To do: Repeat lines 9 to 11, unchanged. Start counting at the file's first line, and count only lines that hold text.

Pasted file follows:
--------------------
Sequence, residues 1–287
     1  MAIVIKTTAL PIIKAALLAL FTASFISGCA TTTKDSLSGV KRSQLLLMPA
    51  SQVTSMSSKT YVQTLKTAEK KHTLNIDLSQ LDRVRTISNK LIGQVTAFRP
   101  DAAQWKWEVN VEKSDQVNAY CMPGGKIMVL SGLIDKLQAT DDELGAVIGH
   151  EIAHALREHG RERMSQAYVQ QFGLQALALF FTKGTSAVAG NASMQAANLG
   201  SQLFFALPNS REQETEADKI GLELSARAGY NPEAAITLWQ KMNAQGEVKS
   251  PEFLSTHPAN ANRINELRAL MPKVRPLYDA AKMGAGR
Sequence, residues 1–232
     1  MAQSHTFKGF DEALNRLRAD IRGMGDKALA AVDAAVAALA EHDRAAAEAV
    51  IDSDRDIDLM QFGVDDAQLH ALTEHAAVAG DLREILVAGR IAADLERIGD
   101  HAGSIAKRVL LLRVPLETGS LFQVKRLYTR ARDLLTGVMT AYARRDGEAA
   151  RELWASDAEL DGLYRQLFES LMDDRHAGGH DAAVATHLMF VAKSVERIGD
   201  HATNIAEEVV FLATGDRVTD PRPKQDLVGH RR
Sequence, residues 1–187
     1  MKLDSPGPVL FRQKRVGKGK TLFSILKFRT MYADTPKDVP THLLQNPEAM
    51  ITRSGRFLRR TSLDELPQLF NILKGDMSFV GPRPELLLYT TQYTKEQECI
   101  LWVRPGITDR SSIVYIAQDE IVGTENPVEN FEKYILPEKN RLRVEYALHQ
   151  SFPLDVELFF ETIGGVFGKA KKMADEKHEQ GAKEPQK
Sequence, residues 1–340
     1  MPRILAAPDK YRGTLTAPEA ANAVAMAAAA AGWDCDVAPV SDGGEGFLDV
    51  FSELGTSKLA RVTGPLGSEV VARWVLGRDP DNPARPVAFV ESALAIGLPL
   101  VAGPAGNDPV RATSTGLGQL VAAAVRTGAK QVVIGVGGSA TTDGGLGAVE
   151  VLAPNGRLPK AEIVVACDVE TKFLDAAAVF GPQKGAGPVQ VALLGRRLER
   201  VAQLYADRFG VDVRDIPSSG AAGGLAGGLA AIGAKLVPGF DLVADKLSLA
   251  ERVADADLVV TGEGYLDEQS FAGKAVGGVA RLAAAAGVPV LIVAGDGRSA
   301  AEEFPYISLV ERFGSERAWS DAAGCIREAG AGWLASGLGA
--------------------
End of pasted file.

     1  MAQSHTFKGF DEALNRLRAD IRGMGDKALA AVDAAVAALA EHDRAAAEAV
    51  IDSDRDIDLM QFGVDDAQLH ALTEHAAVAG DLREILVAGR IAADLERIGD
   101  HAGSIAKRVL LLRVPLETGS LFQVKRLYTR ARDLLTGVMT AYARRDGEAA